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International News

New York Times Magazine Examines DDT Use to Fight Malaria in Africa, Says Disease Overshadowed by AIDS

April 13, 2004

A note from TheBody.com: Since this article was written, the HIV pandemic has changed, as has our understanding of HIV/AIDS and its treatment. As a result, parts of this article may be outdated. Please keep this in mind, and be sure to visit other parts of our site for more recent information!

The New York Times Magazine on Sunday examined the use of the insecticide dichlorodiphenyltrichloroethane, or DDT, to fight malaria in Africa. Although DDT -- which was banned in the United States in 1972 -- is the "most effective" insecticide used to repel and kill malaria-carrying mosquitoes, only about six countries use the chemical for routine malaria control and about 10 others use it for emergencies, according to the Times Magazine. Malaria, which mainly affects children under five years old, was Africa's leading killer until 1999, when AIDS-related illnesses took over as the continent's leading killer. Each year, about 300 million to 500 million people worldwide contract malaria, and currently there is no vaccine to prevent infection. DDT most likely is not harmful to people or the environment when it is sprayed in small quantities inside houses -- the only way the insecticide currently is used -- according to the Times Magazine. However, USAID does not fund projects using DDT, and the World Health Organization actively discourages its use. Although DDT can save children's lives, "[p]ublic opinion is so firm on DDT that even officials who know it can be employed safely dare not recommend its use," according to the Times Magazine.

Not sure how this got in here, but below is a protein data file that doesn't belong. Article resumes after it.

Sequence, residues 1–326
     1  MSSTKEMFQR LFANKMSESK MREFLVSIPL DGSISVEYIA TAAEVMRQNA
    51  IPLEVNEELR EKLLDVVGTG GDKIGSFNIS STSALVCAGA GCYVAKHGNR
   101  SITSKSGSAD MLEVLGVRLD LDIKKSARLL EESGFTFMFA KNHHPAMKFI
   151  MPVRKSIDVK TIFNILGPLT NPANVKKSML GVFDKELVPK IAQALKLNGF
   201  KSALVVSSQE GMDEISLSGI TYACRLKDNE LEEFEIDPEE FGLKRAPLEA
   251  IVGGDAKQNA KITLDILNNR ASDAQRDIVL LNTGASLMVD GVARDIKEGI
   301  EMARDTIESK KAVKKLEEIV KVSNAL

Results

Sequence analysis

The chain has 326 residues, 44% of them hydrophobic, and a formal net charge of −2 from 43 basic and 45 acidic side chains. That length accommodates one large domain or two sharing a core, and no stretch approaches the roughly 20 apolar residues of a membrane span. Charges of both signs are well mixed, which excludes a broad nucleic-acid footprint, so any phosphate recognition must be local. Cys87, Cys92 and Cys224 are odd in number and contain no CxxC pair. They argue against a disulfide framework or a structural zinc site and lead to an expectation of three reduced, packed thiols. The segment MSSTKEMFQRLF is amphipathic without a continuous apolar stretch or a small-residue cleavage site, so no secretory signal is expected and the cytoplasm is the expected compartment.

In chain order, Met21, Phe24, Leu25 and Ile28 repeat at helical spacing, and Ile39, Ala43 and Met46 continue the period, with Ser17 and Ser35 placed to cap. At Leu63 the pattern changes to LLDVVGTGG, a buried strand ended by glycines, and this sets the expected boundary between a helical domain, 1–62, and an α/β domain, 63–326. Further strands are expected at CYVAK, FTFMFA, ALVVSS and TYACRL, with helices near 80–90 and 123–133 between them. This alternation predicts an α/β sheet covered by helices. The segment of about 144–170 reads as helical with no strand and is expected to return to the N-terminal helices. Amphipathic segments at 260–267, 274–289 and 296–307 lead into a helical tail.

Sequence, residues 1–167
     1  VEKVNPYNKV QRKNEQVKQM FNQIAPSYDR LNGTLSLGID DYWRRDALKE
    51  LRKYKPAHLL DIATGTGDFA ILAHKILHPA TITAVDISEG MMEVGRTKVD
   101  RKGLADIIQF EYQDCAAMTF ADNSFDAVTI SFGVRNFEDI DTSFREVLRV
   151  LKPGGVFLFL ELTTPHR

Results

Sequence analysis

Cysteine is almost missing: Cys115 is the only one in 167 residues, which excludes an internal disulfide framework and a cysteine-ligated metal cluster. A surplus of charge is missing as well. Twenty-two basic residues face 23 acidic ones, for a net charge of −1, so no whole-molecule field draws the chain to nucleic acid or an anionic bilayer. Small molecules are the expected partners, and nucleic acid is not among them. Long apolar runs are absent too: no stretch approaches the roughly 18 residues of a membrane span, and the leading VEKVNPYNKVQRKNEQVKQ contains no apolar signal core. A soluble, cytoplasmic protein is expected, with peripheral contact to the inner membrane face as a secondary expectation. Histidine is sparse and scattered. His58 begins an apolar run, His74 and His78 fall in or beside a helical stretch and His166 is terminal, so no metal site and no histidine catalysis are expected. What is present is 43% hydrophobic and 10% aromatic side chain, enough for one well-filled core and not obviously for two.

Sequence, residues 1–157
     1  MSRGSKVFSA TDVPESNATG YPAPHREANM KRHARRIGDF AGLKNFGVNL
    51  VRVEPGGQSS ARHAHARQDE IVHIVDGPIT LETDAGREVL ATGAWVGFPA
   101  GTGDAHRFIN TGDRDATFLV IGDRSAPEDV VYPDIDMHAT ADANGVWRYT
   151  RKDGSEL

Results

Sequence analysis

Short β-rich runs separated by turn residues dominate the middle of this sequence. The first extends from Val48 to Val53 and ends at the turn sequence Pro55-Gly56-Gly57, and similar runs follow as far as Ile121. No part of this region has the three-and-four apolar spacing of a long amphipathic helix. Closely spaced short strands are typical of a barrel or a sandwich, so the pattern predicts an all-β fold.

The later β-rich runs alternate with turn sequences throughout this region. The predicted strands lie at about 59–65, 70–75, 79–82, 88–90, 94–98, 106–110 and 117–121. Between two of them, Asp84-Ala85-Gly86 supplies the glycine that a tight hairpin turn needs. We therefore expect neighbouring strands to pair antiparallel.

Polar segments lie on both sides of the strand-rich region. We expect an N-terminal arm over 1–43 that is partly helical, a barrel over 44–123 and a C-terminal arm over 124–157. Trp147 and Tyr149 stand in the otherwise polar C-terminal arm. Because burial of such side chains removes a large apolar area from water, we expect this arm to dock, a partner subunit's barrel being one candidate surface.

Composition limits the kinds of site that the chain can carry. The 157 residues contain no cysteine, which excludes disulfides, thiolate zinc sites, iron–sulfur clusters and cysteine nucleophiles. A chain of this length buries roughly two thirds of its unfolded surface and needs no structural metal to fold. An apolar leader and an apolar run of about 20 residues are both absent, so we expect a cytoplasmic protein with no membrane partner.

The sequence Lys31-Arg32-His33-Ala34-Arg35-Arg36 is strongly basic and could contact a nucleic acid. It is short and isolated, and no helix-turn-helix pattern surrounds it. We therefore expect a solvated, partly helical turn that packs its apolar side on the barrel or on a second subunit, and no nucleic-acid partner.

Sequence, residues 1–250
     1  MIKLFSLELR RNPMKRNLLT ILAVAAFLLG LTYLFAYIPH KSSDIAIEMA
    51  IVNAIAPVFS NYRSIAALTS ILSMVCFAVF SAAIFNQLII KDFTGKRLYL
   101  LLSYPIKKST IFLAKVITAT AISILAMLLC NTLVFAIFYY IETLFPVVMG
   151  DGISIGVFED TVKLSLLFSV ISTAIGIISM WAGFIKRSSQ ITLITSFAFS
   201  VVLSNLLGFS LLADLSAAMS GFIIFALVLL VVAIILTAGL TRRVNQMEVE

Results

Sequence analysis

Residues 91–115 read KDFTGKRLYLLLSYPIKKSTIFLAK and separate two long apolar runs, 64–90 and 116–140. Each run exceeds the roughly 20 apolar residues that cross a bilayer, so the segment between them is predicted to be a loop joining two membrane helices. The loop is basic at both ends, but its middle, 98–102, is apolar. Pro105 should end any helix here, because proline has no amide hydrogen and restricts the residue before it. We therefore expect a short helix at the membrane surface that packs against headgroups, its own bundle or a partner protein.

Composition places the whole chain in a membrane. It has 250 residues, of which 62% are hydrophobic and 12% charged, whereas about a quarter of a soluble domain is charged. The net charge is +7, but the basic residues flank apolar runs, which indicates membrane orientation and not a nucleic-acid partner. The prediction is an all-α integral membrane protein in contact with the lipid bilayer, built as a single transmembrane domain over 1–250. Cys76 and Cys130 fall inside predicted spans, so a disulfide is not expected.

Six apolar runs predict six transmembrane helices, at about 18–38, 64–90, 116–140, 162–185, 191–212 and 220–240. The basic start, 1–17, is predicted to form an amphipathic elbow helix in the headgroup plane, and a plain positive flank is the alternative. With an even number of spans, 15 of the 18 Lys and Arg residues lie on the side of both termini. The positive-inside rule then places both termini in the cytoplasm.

Overshadowed by AIDS
The eradication of malaria from rich, developed countries has made the disease "shockingly invisible" to aid organizations and governments, the Times Magazine reports. "Even in Africa, malaria gets nowhere near the attention of AIDS," according to the Times Magazine. AIDS has ignited a wider interest in diseases common in developing countries, and malaria has benefited, especially from the establishment of the Global Fund to Fight AIDS, Tuberculosis and Malaria, the Times Magazine reports. The Global Fund, which has approved $499 million for malaria projects but has only disbursed about one-tenth of the money, does not finance projects proposing DDT use. In addition, USAID, which in 1998 gave $12 million to malaria programs, now gives $80 million a year (Rosenberg, New York Times Magazine, 4/11). The complete article is available online.

Back to other news for April 13, 2004


Reprinted with permission from kaisernetwork.org. You can view the entire Kaiser Daily HIV/AIDS Report, search the archives, or sign up for email delivery at www.kaisernetwork.org/dailyreports/hiv. The Kaiser Daily HIV/AIDS Report is published for kaisernetwork.org, a free service of the Kaiser Family Foundation, by The Advisory Board Company. © 2004 by The Advisory Board Company and Kaiser Family Foundation. All rights reserved.

A note from TheBody.com: Since this article was written, the HIV pandemic has changed, as has our understanding of HIV/AIDS and its treatment. As a result, parts of this article may be outdated. Please keep this in mind, and be sure to visit other parts of our site for more recent information!



  
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This article was provided by Henry J. Kaiser Family Foundation. It is a part of the publication Kaiser Daily HIV/AIDS Report. Visit the Kaiser Family Foundation's website to find out more about their activities, publications and services.
 
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